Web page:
Middle Grade Reviews

The Trouble With Perfect by Helena Duggan



Violet felt a pang of something, deep in her stomach. Why had Boy lied to her? He said he had to go home. And whose bike had he handed to Conner? A thought formed in her head, but she shook it off. It couldn’t be Lucy’s. It just couldn’t be.

She decided to follow them. Maybe there was a good reason for this whole thing?

Maybe Conner knew something about the eye plants? Maybe he was helping Boy, and Boy couldn’t tell her because … well, she didn’t know why Boy couldn’t tell her anything. They’d never kept secrets before – at least none that she knew about.

(The Trouble With Perfect by Helena Duggan. P61.)



It’s no longer Perfect. Now it’s just Town.

Perfectionists and No-man’s landers have been living alongside each other in a unified town. There are no longer any rules to follow – people can be themselves and live without fear of being taken from their families.

Then strange things start to happen in Town.

First objects go missing, then children. Violet’s friend Boy is blamed, and old questions arise about whether anyone who is not absolutely perfect is fit to live alongside others. Violet confronts Boy, but he insists he has nothing to do with the disappearances. Why is Boy lying?

To find out what is going on, Violet must confront a terrible monster and figures from Town’s past.



Compelling and original, The Trouble With Perfect is a fantasy story which reminds me of Diana Wynne Jones. It follows on from A Place Called Perfect. Thanks to a handy catch-up guide at the front, it is possible to read the story if you haven’t read book one, but only if you are happy for spoilers.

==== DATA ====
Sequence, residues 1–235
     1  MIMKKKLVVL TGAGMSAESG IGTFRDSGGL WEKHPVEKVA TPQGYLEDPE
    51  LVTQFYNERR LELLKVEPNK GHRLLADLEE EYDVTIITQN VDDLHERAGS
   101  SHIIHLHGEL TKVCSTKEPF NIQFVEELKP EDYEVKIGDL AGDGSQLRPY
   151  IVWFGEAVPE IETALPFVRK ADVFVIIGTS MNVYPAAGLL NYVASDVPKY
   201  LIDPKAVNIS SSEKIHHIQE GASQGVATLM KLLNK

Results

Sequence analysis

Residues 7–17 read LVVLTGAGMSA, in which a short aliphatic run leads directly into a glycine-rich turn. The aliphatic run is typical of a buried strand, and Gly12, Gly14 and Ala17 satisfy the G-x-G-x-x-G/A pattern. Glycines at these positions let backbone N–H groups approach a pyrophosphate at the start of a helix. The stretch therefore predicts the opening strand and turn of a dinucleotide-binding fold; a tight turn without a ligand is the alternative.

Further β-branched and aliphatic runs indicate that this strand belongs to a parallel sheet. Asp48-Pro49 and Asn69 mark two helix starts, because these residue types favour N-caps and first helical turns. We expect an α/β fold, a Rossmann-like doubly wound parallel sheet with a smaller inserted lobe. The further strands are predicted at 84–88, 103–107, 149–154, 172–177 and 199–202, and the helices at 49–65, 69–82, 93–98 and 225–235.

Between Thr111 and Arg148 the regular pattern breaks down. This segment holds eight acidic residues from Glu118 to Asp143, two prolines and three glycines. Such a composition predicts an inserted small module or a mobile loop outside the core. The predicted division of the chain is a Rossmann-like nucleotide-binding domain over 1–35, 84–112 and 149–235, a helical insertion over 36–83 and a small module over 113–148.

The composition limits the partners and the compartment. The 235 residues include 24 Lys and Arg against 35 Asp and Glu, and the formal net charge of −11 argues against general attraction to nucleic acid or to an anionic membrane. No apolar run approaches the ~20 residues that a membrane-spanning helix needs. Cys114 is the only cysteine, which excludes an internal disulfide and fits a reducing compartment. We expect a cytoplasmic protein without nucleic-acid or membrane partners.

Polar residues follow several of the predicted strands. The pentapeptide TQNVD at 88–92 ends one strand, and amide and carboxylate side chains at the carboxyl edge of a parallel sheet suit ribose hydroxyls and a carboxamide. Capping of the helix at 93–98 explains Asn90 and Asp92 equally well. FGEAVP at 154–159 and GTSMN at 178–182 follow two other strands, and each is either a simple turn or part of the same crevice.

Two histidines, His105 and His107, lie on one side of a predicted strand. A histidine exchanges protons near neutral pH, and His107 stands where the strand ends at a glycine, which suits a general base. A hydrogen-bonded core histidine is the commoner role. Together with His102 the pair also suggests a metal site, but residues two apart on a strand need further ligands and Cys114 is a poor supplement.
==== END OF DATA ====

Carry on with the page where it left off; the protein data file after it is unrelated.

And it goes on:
The main theme of the book is acceptance. People who do not conform to one idea of normal, to one standard, have previously been expelled from the town and forced to live in a place where they are invisible. There could be no better metaphor for the attitude some people take towards mental illness. Towards neurodivergence. The book satirises conservative attitudes, including the idea of labelling and cutting up society into subgroups and shutting others away from their families and friends. It also shows how people with strong communication skills can turn others against their neighbours. Without using labels, it opens a conversation about empathy, tolerance and respecting everyone in society.